US Secretary of State John Kerry says that major world powers will not be "rushed" into a nuclear deal with Iran, adding he is prepared to walk away if "tough decisions" are not made soon.
Speaking on the eve of a deadline to present a deal to the US Congress, Kerry told reporters that because "the stakes are very, very high, we will not rush and we will not be rushed.
"We're here because we believe we're making real progress toward a comprehensive deal. But as I have said many times, and as I discussed with President [Barack] Obama last night, we are not going to sit at the negotiating table forever," Kerry said.
"If the tough decisions don't get made, we are absolutely prepared to call an end to this process."
Earlier, Iran and six world powers meeting in Vienna were said to be close to an historic nuclear agreement that could resolve a dispute that lasted more than 12 years over Tehran's nuclear ambitions.
Russian Deputy Foreign Minister Sergei Ryabkov said on Thursday that he could not rule out the possibility of an agreement in the coming hours, even if there was still doubts over some of the finer details of the deal and if it could be resolved by the end of the day.
Iran's Deputy Foreign Minister Abbas Araqchi said the main text of the agreement, as well as five technical annexes, were "around 96 percent complete."
While the lifting of sanctions was largely agreed, Araqchi said Tehran's demand for an end to a UN Security Council arms embargo was among the most contentious unresolved points.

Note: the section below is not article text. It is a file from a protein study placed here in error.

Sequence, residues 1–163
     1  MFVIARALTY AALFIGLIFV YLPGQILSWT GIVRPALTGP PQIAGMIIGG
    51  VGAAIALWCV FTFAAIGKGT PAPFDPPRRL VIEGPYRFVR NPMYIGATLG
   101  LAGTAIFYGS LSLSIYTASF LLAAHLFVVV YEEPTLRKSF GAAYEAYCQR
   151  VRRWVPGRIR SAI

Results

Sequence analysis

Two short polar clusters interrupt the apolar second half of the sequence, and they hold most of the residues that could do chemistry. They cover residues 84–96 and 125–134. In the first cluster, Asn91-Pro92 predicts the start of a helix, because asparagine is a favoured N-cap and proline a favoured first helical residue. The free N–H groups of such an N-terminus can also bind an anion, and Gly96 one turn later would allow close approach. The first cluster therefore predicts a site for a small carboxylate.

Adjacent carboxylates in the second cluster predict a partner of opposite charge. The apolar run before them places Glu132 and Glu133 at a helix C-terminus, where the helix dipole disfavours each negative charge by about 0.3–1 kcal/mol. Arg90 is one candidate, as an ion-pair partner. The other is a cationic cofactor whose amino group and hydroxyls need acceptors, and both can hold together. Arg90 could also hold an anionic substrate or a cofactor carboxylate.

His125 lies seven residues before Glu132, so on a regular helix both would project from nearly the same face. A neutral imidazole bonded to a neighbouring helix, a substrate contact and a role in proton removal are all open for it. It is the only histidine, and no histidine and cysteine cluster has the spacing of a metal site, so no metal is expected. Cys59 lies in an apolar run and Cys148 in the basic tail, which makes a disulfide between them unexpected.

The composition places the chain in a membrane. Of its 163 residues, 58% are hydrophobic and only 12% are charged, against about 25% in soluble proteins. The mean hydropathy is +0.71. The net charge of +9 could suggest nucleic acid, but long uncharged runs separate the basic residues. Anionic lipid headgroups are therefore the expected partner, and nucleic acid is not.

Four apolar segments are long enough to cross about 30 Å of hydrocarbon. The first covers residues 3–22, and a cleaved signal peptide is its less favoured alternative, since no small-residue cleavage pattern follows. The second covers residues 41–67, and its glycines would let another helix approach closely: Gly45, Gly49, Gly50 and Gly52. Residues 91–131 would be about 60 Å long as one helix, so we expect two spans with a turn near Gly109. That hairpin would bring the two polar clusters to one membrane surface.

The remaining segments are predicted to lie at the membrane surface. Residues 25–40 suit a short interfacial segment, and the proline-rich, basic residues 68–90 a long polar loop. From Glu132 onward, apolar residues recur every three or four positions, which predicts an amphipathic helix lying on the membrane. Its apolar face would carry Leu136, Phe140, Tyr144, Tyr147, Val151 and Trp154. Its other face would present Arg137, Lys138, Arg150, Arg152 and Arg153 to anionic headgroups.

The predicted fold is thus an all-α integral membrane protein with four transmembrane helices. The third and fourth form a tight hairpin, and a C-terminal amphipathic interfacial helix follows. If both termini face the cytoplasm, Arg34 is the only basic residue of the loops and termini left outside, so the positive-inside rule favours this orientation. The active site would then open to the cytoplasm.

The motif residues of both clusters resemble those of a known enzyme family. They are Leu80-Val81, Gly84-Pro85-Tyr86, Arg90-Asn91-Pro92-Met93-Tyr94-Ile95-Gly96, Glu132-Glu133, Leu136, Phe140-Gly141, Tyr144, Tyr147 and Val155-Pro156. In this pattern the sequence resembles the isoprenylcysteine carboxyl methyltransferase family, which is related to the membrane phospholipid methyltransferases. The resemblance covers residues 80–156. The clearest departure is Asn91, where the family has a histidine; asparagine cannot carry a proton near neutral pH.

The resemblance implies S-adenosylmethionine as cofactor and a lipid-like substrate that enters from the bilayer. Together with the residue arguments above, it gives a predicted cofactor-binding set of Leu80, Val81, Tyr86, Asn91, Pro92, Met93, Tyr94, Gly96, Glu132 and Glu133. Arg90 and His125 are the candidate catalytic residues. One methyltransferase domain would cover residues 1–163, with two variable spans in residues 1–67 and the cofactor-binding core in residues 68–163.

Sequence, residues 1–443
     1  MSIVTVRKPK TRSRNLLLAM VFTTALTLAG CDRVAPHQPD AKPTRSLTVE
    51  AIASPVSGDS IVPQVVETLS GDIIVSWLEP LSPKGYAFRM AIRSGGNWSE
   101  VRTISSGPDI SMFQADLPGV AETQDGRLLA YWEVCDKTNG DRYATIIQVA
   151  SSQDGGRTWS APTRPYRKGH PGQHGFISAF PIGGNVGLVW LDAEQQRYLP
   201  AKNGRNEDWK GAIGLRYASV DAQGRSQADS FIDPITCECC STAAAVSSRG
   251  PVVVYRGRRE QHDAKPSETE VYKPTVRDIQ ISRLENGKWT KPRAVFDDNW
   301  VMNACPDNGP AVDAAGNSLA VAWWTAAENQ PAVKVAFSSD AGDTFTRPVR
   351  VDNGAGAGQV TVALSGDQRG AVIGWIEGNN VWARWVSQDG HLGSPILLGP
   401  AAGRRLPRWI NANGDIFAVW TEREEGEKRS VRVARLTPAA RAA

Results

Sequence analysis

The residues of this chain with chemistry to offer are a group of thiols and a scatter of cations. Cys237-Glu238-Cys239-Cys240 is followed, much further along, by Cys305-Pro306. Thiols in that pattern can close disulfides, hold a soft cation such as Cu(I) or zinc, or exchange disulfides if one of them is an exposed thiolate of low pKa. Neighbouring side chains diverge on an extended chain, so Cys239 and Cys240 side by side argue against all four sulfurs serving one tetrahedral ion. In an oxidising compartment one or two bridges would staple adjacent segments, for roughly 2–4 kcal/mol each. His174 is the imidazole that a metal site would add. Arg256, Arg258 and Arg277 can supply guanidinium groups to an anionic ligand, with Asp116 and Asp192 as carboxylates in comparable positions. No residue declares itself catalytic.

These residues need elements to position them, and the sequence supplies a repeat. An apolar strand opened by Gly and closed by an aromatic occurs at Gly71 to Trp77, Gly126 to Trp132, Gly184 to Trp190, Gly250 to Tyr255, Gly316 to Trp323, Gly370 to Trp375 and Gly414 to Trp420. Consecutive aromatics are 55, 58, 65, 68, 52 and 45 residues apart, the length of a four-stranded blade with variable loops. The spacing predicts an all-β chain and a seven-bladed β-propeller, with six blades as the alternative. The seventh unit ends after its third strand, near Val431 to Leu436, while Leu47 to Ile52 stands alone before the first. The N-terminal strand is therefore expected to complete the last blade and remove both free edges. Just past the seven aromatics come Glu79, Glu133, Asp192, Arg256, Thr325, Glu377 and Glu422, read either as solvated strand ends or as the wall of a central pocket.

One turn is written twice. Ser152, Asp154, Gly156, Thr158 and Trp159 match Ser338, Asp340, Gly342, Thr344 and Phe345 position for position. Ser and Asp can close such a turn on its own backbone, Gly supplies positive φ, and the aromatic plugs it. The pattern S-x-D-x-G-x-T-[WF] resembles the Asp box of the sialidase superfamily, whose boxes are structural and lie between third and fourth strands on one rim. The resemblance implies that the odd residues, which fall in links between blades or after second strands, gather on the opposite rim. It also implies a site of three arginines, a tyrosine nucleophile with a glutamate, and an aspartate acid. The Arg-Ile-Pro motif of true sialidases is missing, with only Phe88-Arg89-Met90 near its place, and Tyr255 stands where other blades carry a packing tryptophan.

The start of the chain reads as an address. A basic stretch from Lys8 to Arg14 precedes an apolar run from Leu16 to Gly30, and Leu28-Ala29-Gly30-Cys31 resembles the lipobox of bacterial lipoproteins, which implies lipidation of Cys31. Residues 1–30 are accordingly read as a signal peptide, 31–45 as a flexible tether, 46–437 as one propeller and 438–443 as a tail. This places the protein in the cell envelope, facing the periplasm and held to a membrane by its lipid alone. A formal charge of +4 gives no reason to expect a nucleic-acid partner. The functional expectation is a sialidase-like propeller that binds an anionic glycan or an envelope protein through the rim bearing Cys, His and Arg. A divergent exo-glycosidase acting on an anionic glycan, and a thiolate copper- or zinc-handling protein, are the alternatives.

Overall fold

Over the past two weeks, Iran, the United States, Britain, France, Germany, Russia and China have twice extended a deadline for completing a long-term deal under which Tehran would curb sensitive nuclear activities for more than a decade in exchange for sanctions relief.
Western countries accuse Iran of seeking the capability to build nuclear weapons, while Tehran says its programme is peaceful. A deal would depend on Iran accepting curbs on its nuclear programme in return for the easing of economic sanctions imposed by the United Nations, United States and European Union.
A successful deal could be the biggest milestone in decades towards easing hostility between Iran and the United States.
It would also be a political success for both US President Barack Obama and Iran's President Hassan Rouhani.
The current round of talks has blown through two deadlines already and has been extended until Friday, but the Obama administration must submit an agreement to Congress before Thursday turns to Friday in Washington if it wants to avoid an extended legislative review.
If the administration misses that target, the congressional review period will double from 30 to 60 days, possibly delaying the sanctions relief that the US would have to give to Iran under the terms of an agreement.
Tehran says the UN embargo on conventional weapons must be lifted in a nuclear deal. Western countries are keen not to allow Iran to begin importing arms because of its role supporting sides in conflicts in the Middle East.
Iran has powerful support on this issue from Russia. Foreign Minister Sergei Lavrov said the UN arms embargo should be among the first sanctions lifted in a deal.
"We are calling for lifting the embargo as soon as possible and we will support the choices that Iran's negotiators make," he said at a summit of BRICS countries - Brazil, China, India, Russia and South Africa.